Parents say NYC public schools overcrowded

May 9, 2008 8:11:29 AM PDT
Parents and public officials are warning that schools in some city neighborhoods are overcrowded, because a jump in residential development is not being matched with an increase in new educational facilities. City Comptroller William Thompson Jr. said in a report to be released Friday that the school system's capital planning processes were "broken," according to the New York Times.

"There are far too many neighborhoods with overcrowded schools and no hope of relief for at least several more years," he said, according to the Times.

The School Construction Authority did not sufficiently account for new residential construction when it estimated how many seats would be needed in school districts, the report said.

Thompson pointed to fast-developing neighborhoods like Dumbo in Brooklyn and Long Island City in Queens, saying he was concerned that residential construction in those places was outpacing new schools. But the criticism was not limited to wealthy enclaves. Advocates in the High Bridge neighborhood of the Bronx said they were clamoring for a new middle school.

The city bases school plans on district-wide enrollment. Thompson criticized the move, saying that within the 32 districts, there are specific neighborhoods that are either growing or shrinking rapidly.

The report makes a number of proposals, including giving private developers more financial incentives to build schools, according to the Times.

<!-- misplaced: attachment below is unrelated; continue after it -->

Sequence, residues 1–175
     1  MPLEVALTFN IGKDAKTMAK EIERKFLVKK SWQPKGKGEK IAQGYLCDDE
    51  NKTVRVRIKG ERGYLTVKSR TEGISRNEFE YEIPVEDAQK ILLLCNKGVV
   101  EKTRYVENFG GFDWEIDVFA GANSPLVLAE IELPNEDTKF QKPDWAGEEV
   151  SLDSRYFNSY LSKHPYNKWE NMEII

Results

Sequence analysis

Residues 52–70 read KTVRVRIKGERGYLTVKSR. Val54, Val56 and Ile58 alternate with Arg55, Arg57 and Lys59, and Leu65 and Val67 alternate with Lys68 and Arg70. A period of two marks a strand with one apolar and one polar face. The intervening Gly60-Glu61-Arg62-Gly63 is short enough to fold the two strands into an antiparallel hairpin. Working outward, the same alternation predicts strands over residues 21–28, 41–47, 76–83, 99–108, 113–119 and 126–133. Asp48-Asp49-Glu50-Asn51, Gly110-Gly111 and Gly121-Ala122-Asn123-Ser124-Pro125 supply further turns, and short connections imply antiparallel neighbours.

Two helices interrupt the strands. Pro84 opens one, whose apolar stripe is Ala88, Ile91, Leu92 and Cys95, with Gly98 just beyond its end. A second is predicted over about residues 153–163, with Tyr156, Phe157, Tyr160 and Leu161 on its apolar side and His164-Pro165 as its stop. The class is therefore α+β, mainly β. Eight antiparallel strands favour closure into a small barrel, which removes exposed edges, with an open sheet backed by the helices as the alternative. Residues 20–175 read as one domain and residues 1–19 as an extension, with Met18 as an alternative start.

Education Department officials said they considered new construction projects as well as other factors when deciding where to build new schools. The resulting $13.1 billion capital plan promises 63,000 new seats in new school buildings, leased spaces or additions.

Sharon Greenberger, president of the School Construction Authority, told the Times she had not seen Thompson's report and could not comment specifically on it.

But she told the Times a number of "imaginative and aggressive" efforts were under way to create new schools. One plan calls for a part of New York Foundling headquarters to be transformed into a school, according to the agency, which said it would continue to provide family services in the community.

Education officials are also planning to explore whether zoning should be adjusted in addition to building new schools.

But that doesn't help parents whose children are stuck on waiting lists or crammed into crowded schools.

"The city needed to be quicker to respond," Eric Greenleaf, a Public School 234 parent, told the Times. He is chairman of the school's recently formed overcrowding committee.


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